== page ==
elucidate \ i-ˈlü-sə-ˌdāt \ verb
1. make clear and (more) comprehensible
2. make free from confusion or ambiguity; make clear
The word elucidate has appeared in 15 articles on NYTimes.com in the past year, including on Feb. 17 in the book review “In ‘Liner Notes for the Revolution,’ a History of American Music With Black Women at Its Center” by Jennifer Szalai:
With “Liner Notes for the Revolution: The Intellectual Life of Black Feminist Sound,” Daphne A. Brooks … argues that “taste-making” has often served to enshrine a musical canon that skews white and male; at the same time, she emphasizes the importance of canon-building and does some taste-making of her own. The old guard might have deigned to make room for “Satchmo, Monk, Miles and Trane,” she writes, but it still seems hesitant to “imagine a pop (culture) life with Black women at its full-stop center rather than as the opening act, the accompanying act or the afterthought.”
There are a number of recent and forthcoming books by Black women — among them Maureen Mahon, Danyel Smith and Clover Hope — that elucidate the central role that Black women artists have played in American music. Brooks, who teaches at Yale, is explicit about wanting to connect two worlds that would seem to be distinct: those of intellectual theory and commercial appeal. One doesn’t have to exclude the other, she says, even if traditional rock criticism has supposed that market success must come at the expense of that vague and vaunted quality known as “authenticity.”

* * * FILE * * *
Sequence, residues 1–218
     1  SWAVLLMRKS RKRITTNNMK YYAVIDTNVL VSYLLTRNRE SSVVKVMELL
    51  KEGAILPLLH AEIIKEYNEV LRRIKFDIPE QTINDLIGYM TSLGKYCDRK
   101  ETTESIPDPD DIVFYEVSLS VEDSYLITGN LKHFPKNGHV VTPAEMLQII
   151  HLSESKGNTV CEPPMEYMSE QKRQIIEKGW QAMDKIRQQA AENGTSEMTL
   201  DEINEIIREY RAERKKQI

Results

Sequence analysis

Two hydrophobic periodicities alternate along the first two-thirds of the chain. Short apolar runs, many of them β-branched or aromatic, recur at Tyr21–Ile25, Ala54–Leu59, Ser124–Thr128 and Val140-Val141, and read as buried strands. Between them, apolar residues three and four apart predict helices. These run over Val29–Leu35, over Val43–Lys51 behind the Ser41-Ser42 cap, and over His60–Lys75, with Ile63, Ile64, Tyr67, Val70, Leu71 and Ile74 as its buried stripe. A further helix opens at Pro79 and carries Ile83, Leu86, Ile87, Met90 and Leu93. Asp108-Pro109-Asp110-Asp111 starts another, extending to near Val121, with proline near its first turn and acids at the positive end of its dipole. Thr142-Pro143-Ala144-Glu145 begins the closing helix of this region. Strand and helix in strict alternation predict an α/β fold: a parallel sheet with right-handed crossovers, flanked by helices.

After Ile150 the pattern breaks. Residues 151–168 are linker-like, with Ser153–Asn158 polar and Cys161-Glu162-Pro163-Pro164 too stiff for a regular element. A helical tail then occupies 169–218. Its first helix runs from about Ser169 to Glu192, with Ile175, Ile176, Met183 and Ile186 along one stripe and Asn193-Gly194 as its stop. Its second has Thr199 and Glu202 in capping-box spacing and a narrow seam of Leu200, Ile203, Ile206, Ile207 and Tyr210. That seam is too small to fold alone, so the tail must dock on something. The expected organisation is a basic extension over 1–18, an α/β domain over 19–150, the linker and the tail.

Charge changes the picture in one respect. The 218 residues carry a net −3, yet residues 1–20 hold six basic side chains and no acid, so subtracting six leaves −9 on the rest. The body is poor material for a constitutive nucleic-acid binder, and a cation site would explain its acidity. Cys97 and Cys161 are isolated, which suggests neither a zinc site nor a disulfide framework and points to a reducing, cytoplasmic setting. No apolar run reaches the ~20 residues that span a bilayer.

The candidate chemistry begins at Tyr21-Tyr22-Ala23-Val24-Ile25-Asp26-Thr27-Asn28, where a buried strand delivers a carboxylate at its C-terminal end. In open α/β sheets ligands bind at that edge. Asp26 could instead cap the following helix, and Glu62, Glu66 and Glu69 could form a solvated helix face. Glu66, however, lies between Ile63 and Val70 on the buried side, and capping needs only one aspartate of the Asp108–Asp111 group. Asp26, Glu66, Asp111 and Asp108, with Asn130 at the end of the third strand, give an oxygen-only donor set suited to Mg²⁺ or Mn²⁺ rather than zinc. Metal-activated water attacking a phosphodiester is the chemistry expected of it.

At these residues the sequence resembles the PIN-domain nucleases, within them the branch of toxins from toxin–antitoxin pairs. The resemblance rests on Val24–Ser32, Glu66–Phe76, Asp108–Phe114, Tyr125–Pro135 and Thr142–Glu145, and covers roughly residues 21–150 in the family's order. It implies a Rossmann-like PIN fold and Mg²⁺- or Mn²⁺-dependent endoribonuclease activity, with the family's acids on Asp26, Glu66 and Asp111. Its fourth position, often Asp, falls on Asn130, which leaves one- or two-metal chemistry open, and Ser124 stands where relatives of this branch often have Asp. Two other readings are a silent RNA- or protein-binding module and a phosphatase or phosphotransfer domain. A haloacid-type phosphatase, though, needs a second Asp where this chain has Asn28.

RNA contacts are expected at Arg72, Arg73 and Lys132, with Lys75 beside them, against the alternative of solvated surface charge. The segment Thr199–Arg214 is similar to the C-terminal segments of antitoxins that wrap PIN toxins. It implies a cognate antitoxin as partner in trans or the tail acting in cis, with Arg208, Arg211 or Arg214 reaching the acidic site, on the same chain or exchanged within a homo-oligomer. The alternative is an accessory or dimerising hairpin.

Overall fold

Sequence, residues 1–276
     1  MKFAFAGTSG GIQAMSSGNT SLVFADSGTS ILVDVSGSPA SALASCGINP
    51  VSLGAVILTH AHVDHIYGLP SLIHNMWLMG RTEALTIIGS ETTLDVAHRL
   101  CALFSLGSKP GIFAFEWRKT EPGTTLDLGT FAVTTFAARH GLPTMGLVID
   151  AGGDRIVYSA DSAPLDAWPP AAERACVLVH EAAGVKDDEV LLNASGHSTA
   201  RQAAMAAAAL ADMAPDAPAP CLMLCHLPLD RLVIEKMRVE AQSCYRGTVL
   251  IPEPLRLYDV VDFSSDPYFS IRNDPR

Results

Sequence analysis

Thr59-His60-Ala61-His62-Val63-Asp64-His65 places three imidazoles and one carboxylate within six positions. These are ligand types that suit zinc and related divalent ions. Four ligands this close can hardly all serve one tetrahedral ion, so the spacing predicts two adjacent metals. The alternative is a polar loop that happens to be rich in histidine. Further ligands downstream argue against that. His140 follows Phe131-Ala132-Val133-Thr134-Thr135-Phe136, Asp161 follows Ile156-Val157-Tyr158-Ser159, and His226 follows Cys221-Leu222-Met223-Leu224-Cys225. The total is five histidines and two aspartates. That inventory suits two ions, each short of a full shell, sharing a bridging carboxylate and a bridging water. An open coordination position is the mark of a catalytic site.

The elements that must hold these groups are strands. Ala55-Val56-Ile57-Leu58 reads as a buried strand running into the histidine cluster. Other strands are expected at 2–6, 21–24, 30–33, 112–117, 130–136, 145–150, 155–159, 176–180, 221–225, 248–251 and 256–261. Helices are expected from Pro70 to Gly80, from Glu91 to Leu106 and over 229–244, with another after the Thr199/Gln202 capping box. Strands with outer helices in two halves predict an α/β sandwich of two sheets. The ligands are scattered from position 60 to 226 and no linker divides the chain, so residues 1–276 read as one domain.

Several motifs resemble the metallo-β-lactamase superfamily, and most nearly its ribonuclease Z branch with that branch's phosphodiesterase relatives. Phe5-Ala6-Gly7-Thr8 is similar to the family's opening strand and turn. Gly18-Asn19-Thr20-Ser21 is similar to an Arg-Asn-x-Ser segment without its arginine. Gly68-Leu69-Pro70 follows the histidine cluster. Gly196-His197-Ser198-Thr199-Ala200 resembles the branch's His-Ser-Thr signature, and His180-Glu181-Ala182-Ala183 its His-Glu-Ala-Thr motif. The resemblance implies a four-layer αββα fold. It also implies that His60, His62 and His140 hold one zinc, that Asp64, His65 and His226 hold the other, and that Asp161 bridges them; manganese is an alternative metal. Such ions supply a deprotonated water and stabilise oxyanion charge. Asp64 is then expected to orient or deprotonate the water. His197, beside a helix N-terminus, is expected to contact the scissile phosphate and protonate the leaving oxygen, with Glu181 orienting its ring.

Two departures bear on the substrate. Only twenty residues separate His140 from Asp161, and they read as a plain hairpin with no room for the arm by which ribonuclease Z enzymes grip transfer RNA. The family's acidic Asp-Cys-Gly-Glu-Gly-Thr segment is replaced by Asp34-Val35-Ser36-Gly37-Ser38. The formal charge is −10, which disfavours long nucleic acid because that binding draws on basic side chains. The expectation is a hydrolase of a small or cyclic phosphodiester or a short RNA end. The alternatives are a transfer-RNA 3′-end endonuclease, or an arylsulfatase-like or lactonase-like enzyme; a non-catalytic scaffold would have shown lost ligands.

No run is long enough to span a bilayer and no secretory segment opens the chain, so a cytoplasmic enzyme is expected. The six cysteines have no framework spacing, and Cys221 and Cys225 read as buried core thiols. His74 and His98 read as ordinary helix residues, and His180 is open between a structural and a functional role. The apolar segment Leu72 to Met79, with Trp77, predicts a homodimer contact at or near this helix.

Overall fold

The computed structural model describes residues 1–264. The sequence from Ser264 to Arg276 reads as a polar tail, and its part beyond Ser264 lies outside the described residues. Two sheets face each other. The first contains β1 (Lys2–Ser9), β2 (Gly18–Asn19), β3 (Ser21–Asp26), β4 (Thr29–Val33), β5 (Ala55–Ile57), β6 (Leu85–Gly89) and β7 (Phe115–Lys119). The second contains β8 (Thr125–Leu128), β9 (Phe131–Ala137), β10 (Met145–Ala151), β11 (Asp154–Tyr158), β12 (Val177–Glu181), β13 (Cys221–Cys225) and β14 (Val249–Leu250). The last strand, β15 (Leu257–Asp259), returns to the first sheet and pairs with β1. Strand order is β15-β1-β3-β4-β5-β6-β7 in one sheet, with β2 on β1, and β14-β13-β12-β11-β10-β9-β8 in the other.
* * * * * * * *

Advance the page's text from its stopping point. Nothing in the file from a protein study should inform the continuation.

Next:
Daily Word Challenge
Can you correctly use the word elucidate in a sentence?
Based on the definition and example provided, write a sentence using today’s Word of the Day and share it as a comment on this article. It is most important that your sentence makes sense and demonstrates that you understand the word’s definition, but we also encourage you to be creative and have fun.
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If you want a better idea of how elucidate can be used in a sentence, read these usage examples on Vocabulary.com.
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